Foreign Relations Secretary Luis Videgaray said Monday that Mexico would negotiate with the United States with "dignity and intelligence," focusing on protecting national sovereignty and the millions of Mexicans living north of the border.

Mexico "will act with dignity and intelligence, opening the doors to dialogue and negotiations to defend the interests of Mexico and Mexicans," Videgaray said in his opening address to the 28th Annual Meeting of Ambassadors and Consuls.

The address was his first as foreign relations secretary, a post he took over last week.

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The former finance and public credit secretary said Mexico would not be a "submissive" nation, nor would it seek "conflict or to insult," negotiating with "common sense" instead.

Donald Trump's arrival in the White House has raised questions around the world, especially in Mexico, because "the lives of millions of our countrymen" depend on the bilateral relationship, Videgaray said.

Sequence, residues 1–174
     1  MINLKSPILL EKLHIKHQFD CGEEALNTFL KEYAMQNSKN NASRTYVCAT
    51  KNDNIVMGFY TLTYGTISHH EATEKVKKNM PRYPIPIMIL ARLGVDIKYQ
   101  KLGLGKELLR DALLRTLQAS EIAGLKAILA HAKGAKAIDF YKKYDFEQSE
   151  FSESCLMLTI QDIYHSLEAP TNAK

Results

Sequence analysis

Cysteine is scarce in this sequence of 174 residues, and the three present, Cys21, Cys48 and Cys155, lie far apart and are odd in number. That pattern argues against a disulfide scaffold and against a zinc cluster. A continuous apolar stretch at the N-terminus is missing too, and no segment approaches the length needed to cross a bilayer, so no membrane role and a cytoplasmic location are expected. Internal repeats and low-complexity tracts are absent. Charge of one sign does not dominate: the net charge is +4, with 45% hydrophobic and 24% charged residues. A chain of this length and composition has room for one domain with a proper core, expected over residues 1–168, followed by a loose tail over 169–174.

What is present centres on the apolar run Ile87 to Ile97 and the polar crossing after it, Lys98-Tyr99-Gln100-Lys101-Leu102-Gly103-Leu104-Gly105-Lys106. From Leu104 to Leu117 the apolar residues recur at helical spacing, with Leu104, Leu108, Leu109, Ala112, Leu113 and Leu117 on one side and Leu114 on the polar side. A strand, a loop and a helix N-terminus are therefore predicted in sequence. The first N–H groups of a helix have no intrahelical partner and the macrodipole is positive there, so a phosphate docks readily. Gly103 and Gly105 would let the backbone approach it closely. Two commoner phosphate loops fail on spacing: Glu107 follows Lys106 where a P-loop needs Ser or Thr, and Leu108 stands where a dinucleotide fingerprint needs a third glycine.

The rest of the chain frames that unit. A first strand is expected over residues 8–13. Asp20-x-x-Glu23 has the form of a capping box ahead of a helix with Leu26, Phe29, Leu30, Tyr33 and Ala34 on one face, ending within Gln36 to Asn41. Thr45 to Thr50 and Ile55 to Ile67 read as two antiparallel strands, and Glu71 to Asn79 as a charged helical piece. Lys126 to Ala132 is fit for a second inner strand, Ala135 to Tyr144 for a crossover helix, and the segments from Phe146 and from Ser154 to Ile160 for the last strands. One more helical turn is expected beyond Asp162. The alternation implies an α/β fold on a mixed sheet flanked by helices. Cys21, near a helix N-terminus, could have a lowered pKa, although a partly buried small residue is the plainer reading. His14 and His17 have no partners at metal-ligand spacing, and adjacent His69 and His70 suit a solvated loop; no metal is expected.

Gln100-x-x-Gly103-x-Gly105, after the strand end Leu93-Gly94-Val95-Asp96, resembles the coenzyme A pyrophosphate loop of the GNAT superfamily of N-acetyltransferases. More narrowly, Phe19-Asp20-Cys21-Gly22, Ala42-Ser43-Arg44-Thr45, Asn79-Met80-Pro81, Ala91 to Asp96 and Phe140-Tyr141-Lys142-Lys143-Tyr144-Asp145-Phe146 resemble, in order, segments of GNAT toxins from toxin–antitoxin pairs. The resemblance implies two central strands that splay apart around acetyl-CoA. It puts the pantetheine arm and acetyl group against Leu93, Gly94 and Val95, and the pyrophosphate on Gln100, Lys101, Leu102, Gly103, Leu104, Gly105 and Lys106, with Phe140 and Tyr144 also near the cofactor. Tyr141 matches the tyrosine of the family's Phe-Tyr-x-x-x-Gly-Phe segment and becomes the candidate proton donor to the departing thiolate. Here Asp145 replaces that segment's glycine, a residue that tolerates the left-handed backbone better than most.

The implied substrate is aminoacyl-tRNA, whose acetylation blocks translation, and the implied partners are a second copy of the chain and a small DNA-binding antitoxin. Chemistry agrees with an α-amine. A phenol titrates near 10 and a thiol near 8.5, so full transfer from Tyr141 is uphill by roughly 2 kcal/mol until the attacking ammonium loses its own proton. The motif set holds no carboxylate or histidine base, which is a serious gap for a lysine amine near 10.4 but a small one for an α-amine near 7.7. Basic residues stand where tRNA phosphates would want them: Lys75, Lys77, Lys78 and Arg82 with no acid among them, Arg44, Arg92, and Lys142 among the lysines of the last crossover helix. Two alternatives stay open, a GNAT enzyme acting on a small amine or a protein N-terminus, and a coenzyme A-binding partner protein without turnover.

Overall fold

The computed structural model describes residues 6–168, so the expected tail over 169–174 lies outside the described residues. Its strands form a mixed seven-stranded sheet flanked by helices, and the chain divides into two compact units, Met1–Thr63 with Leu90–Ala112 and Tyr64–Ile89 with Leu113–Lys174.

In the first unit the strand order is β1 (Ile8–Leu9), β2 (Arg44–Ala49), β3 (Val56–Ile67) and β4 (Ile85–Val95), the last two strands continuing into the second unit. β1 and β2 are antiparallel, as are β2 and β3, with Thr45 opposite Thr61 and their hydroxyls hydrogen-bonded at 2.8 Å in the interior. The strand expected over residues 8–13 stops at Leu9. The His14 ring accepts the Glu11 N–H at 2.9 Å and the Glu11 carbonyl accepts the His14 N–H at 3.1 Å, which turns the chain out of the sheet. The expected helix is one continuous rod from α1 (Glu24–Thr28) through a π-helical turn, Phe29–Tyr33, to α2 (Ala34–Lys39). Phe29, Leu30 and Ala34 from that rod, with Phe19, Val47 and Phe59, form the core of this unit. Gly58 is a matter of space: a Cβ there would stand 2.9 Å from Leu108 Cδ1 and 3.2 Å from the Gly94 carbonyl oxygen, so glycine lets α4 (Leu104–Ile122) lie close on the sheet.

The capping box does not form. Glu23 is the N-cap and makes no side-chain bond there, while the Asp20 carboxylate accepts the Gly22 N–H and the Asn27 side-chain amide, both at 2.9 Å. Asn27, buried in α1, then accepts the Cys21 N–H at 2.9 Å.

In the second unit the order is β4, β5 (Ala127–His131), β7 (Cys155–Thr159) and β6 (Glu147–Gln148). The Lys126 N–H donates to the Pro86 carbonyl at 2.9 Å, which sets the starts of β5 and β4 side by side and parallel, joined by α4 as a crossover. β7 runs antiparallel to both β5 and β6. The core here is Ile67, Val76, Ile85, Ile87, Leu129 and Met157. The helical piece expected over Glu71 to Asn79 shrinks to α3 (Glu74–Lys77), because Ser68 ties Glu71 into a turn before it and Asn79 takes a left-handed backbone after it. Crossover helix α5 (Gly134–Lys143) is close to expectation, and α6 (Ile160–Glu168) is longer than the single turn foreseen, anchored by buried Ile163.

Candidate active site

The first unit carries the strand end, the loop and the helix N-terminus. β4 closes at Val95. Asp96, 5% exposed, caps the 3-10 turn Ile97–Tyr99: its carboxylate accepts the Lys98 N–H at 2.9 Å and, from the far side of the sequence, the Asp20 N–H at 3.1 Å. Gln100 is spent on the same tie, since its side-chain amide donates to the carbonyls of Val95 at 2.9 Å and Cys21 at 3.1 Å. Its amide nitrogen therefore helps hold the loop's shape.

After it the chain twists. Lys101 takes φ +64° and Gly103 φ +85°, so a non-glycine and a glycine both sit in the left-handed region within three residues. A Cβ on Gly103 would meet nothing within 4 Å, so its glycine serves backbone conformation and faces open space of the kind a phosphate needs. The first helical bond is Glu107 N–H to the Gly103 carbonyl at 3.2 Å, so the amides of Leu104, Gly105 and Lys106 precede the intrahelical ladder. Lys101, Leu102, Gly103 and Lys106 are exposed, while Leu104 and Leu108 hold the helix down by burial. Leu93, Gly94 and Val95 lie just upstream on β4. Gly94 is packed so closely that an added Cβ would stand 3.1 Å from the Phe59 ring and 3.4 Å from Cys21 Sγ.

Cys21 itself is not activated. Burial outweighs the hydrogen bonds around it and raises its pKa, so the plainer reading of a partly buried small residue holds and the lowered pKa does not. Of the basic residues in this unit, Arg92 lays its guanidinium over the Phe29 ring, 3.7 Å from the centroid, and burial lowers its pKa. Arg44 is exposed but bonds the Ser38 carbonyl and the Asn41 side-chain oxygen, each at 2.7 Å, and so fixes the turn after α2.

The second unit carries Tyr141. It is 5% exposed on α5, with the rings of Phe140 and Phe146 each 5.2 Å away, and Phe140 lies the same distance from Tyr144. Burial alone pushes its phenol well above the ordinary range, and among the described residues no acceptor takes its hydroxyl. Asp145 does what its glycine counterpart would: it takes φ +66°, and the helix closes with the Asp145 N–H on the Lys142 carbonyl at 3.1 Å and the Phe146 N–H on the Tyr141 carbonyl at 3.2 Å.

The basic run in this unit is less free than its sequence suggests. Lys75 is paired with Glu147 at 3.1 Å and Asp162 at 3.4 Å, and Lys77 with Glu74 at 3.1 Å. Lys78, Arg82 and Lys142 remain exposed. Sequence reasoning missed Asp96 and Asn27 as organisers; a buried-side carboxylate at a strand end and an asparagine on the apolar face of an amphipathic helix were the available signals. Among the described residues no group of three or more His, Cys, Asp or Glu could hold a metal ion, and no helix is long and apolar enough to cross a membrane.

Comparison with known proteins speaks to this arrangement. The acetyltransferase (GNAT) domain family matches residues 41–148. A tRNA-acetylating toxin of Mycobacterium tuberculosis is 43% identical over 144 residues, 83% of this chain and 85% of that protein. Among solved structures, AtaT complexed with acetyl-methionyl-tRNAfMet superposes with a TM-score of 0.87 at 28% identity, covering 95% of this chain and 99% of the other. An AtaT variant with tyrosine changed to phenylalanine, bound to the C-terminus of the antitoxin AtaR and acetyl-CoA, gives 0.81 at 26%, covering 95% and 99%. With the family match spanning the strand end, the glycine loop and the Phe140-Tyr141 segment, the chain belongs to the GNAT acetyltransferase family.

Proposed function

The foreign relations secretary told the members of Congress and the diplomatic corps present that Mexico would defend Mexicans living in the United States, adding that these emigrants were "not criminals," as Trump alleged at the start of his campaign, but "productive people" who represent "the best of Mexico."

The 48-year-old Videgaray, who organized the controversial meeting between Trump and Mexican President Enrique Peña Nieto in August, said the Mexican-US relationship was "dynamic" and marked by "complex co-existence."

"There is almost no aspect of our national life that is not related in some way or other to the United States, the migrants, trade, industry, agriculture," the foreign relations secretary said.

Videgaray also addressed the issue of trade and the North American Free Trade Agreement (NAFTA), a deal that Trump has blamed for huge losses of manufacturing jobs in the United States.
"Our economies are indissolubly linked," Videgaray said.